Addie Langford

Addie Langford lives and works in Detroit. She completed her MFA at Cranbrook Academy of Art in ceramics after a BFA in architecture at the Rhode Island School of Design. In 2006- 07 she was a Fulbright Fellow in Madrid, Spain, where she conducted research on tapestry in relation to contemporary collage. Drawing upon her Fulbright research she completed and exhibited a body of large scale mixed media drawings, Slow Knots, in 2007 in Madrid. Since then, her practice has focused on painting, mixed media collage, and ceramics. She has had solo shows at the Simone DeSousa Gallery, Detroit (A Timeless Elsewhere, 2016), at the N’Namdi Center for Contemporary Art, Detroit (Textures, 2013), and participated in group shows at N’Namdi Contemporary, Miami (Confluence, 2015), and at Rush Philanthropic Arts Foundation, New York, NY, (21st Century Abstract Painting and Sculpture, 2016). Addie Langford Statement, March 2018 Addie Langford’s practice draws on her varied background in painting, ceramics, drawing, fabrics, and structural influences from architecture and craft. Her work is marked by layering and uneven densities in relation to various supports, and a hyper-exposure of materials to subtle natural forces (water, pressure, layering, erosion, thinning, absorption, thickening), not in order to destroy, but to form, warp or shape medium and support. Her works archive the subtlety of deformation and the experience of natural and imposed stresses. For Langford’s work, traditions in Southern Appalachian craft from quilts to barn structures, weaving, and vessels emerge and recede as forms or fragmentary histories in dialogue with movements such as Supports/Surfaces and Korean Dansaekhwa, or artists such as François Rouan, Simon Hantaï, and McArthur Binion. The current works are paintings on supports drawn from domestic upholstery/faux tapestry home decor fabrics applied to board - covering materials selected for their hyper-domestic imagery – and yet, there is a rawness about the paint-work, with marked passages of
unresolved affect, a sense of urgency in execution in a drama of mediation and reflection around form and execution. There are moments of suddenness and swiftness, passages of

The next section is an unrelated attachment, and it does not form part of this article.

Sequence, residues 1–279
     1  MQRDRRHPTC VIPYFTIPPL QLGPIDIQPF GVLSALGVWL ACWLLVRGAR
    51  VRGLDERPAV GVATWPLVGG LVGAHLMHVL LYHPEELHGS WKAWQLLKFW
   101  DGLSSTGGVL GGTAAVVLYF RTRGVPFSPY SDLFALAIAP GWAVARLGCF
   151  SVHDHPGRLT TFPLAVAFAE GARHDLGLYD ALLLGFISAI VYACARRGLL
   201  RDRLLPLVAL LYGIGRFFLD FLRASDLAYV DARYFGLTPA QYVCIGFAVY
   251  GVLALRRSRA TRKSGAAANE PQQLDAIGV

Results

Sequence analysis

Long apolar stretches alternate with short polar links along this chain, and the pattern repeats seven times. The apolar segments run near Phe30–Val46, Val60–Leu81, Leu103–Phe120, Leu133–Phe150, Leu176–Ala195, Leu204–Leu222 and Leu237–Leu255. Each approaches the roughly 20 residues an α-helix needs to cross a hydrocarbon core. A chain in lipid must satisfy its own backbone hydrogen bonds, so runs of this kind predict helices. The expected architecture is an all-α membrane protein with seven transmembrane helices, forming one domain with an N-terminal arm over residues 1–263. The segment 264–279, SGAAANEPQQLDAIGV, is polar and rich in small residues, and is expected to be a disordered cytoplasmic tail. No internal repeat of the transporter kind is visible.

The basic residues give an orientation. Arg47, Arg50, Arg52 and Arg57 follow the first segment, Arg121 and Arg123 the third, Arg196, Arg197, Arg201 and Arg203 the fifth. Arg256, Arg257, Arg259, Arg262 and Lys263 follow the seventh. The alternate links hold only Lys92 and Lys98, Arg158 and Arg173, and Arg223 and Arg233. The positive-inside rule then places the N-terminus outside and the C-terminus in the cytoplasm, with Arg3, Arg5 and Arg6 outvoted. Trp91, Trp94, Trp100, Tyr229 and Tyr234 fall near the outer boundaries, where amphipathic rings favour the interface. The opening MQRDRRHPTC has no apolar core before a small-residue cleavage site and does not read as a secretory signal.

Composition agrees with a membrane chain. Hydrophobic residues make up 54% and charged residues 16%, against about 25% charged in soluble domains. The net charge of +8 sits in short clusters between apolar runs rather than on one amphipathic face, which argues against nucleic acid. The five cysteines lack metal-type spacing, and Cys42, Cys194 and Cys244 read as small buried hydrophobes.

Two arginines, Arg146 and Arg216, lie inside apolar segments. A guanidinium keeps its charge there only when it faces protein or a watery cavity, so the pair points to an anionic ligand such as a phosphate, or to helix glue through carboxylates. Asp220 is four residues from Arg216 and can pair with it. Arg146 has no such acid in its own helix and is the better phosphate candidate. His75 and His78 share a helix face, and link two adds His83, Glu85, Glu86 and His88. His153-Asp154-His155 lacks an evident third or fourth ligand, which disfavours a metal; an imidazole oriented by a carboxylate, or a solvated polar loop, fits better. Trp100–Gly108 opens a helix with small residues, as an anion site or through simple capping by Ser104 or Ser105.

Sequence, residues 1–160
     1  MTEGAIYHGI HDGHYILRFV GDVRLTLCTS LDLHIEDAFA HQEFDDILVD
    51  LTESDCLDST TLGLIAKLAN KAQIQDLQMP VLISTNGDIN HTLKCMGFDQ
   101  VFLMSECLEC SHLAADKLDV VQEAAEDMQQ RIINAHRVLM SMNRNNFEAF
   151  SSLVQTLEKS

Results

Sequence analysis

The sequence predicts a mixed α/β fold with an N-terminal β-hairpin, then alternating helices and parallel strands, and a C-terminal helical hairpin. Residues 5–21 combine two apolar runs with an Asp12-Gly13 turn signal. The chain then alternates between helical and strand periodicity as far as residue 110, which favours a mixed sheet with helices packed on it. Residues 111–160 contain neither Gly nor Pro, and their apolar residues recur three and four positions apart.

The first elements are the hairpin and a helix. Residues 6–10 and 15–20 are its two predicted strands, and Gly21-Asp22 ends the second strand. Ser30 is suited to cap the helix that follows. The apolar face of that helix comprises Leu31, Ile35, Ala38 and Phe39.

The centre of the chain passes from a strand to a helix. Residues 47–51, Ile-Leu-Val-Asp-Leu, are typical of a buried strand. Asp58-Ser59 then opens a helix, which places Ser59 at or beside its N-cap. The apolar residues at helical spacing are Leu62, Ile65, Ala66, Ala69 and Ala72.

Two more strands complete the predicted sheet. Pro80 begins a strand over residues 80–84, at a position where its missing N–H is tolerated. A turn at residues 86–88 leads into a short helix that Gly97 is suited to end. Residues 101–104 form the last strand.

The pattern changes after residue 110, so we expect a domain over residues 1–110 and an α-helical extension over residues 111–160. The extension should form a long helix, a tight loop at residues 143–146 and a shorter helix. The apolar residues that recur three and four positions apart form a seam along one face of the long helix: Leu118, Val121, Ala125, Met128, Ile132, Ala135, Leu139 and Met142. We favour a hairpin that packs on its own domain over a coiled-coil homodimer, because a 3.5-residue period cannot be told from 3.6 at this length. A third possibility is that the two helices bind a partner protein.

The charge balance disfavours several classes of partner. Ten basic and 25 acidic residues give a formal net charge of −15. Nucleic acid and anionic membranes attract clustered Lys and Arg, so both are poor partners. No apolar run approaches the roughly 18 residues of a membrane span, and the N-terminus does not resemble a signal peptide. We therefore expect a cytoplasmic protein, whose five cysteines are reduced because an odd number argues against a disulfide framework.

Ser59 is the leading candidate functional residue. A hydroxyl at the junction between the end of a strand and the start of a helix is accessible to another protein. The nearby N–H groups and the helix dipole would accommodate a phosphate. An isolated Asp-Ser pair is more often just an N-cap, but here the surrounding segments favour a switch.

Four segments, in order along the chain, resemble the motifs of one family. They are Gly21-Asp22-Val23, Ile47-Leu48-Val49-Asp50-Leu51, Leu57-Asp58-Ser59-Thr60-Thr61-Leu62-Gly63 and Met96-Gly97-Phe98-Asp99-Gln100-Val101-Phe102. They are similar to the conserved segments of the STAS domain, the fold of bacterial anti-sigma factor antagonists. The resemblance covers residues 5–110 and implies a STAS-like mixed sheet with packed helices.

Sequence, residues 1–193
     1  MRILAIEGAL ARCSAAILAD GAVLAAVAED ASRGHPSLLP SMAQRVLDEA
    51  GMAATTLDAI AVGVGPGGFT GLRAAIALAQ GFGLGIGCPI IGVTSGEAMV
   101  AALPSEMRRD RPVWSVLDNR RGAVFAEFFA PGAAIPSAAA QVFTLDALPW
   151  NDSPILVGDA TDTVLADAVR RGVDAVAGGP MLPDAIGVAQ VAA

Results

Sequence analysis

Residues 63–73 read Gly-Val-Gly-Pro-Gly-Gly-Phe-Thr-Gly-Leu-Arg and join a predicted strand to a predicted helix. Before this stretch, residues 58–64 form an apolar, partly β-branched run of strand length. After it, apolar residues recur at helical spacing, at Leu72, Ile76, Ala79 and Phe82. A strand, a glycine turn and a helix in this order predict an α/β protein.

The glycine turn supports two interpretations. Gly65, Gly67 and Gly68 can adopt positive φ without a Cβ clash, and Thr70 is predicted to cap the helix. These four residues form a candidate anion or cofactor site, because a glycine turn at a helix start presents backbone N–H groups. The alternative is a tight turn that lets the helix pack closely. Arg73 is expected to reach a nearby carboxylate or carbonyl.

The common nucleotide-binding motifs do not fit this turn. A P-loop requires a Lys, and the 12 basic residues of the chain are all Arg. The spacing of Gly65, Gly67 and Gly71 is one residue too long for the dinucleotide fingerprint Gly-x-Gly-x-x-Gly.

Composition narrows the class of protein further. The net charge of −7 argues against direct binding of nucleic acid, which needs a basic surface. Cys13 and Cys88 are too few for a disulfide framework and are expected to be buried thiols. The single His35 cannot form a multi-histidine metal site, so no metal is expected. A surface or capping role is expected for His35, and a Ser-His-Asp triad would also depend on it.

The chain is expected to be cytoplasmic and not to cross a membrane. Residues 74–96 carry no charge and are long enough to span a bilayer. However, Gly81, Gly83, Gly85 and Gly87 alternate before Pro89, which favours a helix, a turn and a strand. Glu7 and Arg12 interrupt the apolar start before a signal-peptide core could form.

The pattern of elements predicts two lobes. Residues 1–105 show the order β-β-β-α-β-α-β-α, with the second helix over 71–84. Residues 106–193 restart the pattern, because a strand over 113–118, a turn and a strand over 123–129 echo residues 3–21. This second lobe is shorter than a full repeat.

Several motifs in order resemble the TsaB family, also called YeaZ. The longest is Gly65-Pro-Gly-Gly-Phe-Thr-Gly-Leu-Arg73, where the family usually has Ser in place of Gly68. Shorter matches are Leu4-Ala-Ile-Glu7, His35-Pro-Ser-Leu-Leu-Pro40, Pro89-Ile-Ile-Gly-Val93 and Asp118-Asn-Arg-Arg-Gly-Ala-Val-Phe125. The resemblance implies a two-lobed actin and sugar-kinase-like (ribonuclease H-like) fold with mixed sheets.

overlying and bleeding colors – complex tones – that remind me, the painter, and may be the viewer, of moments of the Baroque: in texture, in the violence of emerging affects and glimpsed, buried emotions. As one stands back and view the work – be absorbed by it? – it becomes apparent that there is a close relationship between support and the construction of surfaces and movements in the work. The contrast in palette between front and reverse sides, a characteristic color reversal created by the weave structures of the fabric / support, accentuates the duality of the diptych form through opposing tones where one might be
able to speak of, glimpse senses / sensations of underneathness (as explored by Dubuffet) and interior states. The fabrics are mass produced synthetic repeats that invite annihilation
and/or redemption of their implied domestic fantasy prints and the attempt at such things
is the act or challenge in the work - the tension between the denial and restoration of
beauty and ideas of happiness, dreams and domestic perfection. The weave structures digest or swallow paint as it dries leaving a texture and sense of thinning or after-image in
the surface-work - these works are in some sense more materially spare yet more visually
elaborate than works in Langford’s Gray or Hanging Gardens series, yet they still seem
urgent. In this new body of work Addie Langford continues to explore and reflect on and to
extend the traditions and forms of Supports/Surfaces and Korean Dansaekhwa,
creating late modern works in the renewal of the language of abstraction.